The two Philip Morris cases involving restrictions on the presentation and sale of cigarettes through plain packaging measures has been used by anti-ISDS groups as the prime example for creating the myth that treaty arbitration causes states not to adopt certain measures for the protection of public goods, i.e., results in so-called “regulatory chill”.

This myth has been blown up to proportions equal only to ancient Greek myths. Indeed, even the TPP negotiators have become believers of this myth – so much that they have excluded tobacco from the scope of the ISDS rules within TTP.

However, as I noted in a previous blogpost, the anti-ISDS groups have been extremely silent when the first Philip Morris case against Australia was kicked out at the jurisdictional phase because, in the view of the arbitral tribunal, the restructuring of the Philip Morris subsidiary into Hong Kong entity occurred only after the dispute arose. Although the tribunal did not deal with the merits of the case, Australia succeeded and will most likely recover its legal costs. In other words, the Australian plain packaging legislation remained unaffected in force. Thus, one would have expected the anti-ISDS groups to loudly celebrate this outcome and hail the ISDS system as working properly to protect public interest. When I asked why there was only deafening  silence, I was told that this had to do with fact that there was no discussion on the merits, and since Philip Morris surely would have won on the merits – as the anti-ISDS groups always maintain that the ISDS system is rigged and pro-investor biased –  there was no reason for joy.

However, recently, in another ISDS arbitration also involving plain packaging measures, brought by Philip Morris against Uruguay, the arbitral tribunal did render a decision on the merits. In this Philip Morris II award, the majority tribunal again sided with the state, so the challenged legislation remains in place and the state will most likely recover its legal costs. But again there were no bursts of joy and happiness in the anti-ISDS camp.

The silence of anti-ISDS groups regarding the outcome in both Philip Morris disputes is remarkable and in stark contrast with the mythical proportions attributed to these cases as a perfect real life example of “regulatory chill”. This effect is enabled and facilitated by the possibility of foreign investors to bring claims against states, which presumable intend to protect public goods and which are fearful of damages they may have to pay to investors when ordered by rigged, private and secret tribunals.

But as it turned out again, the “regulatory chill” argument simply remains unconvincing and failed yet again. The weakness of the “regulatory chill” argument has also been confirmed by the in-depth analysis of EFILA.

The truth is that both arbitral tribunals did a decent job: they considered and weighted all arguments, allowed amicus curiae briefs and extensively discussed relevant case law. In other words, they did what every arbitral tribunal normally does, namely, they delivered justice. Nevertheless, I believe that the minority views in both cases had more merit. In particular, the Philip Morris II arbitral tribunal gave practically unlimited deference to state measures, which in my view went beyond what is necessary.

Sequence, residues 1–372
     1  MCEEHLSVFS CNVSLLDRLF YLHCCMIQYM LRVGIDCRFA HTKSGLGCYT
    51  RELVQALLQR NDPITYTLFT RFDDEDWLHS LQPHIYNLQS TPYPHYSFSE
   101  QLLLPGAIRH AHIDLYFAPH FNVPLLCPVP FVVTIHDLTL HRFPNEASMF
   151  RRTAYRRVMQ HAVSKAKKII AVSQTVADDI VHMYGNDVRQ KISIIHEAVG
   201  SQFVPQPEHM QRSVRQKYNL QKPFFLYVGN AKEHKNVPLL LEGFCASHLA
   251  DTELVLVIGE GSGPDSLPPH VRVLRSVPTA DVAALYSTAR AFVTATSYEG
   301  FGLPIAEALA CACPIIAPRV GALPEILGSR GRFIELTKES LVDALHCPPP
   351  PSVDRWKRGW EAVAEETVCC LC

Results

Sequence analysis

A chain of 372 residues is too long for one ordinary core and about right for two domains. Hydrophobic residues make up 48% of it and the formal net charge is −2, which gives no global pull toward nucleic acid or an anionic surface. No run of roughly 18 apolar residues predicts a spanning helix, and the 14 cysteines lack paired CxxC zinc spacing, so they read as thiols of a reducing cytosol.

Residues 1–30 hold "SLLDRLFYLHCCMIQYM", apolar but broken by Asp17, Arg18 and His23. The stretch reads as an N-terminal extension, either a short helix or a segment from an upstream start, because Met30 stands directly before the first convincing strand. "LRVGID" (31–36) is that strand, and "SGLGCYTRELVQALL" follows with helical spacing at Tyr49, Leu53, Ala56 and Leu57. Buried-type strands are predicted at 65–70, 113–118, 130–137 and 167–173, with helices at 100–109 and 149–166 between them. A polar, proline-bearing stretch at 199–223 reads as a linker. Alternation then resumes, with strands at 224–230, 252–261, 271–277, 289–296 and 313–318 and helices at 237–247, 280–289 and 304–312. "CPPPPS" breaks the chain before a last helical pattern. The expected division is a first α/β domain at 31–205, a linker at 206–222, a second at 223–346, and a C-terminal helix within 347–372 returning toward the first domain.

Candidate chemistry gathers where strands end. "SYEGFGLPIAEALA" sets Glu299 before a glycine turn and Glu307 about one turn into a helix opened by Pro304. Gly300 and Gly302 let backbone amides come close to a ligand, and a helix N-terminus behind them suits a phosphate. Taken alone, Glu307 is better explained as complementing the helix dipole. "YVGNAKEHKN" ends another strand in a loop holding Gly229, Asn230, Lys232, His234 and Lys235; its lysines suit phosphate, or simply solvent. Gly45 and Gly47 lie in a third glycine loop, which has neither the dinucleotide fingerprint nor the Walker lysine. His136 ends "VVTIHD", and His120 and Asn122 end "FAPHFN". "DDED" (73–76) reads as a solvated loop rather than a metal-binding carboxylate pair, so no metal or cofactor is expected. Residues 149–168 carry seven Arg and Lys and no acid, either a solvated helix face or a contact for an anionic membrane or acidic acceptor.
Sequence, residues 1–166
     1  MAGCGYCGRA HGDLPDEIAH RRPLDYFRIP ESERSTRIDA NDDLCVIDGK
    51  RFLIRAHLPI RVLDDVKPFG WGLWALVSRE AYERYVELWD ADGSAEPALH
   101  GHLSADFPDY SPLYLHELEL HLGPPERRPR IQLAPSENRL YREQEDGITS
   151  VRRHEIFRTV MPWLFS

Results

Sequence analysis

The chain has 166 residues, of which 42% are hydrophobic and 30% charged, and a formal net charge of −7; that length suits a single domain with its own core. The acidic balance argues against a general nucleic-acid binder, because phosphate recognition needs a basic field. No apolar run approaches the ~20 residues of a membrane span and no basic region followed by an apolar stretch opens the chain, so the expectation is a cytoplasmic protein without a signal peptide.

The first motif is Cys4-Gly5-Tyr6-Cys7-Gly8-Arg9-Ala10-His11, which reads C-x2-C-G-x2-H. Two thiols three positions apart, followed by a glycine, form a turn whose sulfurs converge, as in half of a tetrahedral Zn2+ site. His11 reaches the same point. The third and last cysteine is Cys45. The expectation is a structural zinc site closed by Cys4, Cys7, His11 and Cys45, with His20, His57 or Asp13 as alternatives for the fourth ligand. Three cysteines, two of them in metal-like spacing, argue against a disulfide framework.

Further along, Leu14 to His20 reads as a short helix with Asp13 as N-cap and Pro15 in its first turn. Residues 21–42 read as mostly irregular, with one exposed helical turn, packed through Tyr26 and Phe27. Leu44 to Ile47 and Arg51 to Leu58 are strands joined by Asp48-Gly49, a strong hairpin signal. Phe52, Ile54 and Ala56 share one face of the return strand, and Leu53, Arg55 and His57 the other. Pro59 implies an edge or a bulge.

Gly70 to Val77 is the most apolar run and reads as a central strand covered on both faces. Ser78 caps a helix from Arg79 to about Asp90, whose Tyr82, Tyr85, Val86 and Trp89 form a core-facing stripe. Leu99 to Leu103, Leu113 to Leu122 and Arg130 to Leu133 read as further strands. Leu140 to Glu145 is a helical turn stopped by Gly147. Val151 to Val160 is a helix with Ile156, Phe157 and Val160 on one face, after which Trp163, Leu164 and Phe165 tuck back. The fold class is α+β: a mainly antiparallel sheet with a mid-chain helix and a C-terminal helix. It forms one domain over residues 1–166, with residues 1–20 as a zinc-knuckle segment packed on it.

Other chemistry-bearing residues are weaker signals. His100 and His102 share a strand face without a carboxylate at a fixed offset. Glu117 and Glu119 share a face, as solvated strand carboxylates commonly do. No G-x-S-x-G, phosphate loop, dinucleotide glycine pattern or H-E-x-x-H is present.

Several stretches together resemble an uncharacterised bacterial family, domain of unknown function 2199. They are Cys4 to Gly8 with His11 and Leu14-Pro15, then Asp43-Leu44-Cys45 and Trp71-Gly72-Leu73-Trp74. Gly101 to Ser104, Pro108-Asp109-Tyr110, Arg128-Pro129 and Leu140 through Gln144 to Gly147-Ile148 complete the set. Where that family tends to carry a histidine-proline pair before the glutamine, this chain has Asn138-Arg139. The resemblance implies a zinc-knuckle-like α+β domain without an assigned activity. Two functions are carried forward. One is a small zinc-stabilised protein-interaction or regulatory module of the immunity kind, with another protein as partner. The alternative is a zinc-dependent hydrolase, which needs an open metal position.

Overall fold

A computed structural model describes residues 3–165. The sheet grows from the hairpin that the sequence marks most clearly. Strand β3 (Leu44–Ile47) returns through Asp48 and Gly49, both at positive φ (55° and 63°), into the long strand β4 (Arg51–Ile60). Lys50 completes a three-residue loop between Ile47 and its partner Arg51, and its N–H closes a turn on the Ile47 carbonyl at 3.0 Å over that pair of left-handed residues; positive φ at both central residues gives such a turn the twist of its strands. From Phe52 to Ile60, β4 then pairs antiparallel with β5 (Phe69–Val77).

But be that as it may, the bottom line is that the whole hysteria surrounding the alleged undermining of policy exemplified by the Philip Morris cases was clearly exaggerated, and ultimately, wrong.

Of course, one can understand that the anti-ISDS critics would not suddenly stand up in defense of the ISDS system, but they should, at the very least, explicitly acknowledge that their “regulatory chill” argument has lost one of its most prominent cases – the other one in their eyes being the Vattenfall case, which still awaits adjudication.

But, more importantly, as Gary Born, one of the most respected arbitrators in the world and regular contributor to this blog, recently rightly argued in an interview with GAR, the international arbitration community must defend the virtues and benefits of international arbitration more vigorously.

He drew a comparison with the Seven Kingdoms in the “Game of Thrones” series, saying that international arbitration has enjoyed “a long golden summer when everything went right” but “winter is coming”. More specifically, Born is quoted as saying that outside the confines of the kingdoms, “an army of the undead” wants to tear down “everything that has so harmoniously been created” in the belief that “the state and state-selected decision makers are the only real way to properly resolve disputes.”

He continued by arguing that the criticisms of investment arbitration are not just wrong but “wildly wrong” and those who attack the system “would do well to take a step back and think about what a world would look like without neutral and independent application of legal rules because that is the direction that their criticisms take us.”

Accordingly, the question arises: what can we do to avoid the victory of “the armies of the undead”? For the answer, Born looked not to the “Game of Thones” but another popular US television series, “House of Cards”, and Frank Underwood’s rule for life: “hunt or be hunted”.

Born is quoted as saying:

“I think we should stop being hunted and always defending international arbitration. “We defend it against not being transparent […] against being pro-investor […] against being inconsistent”.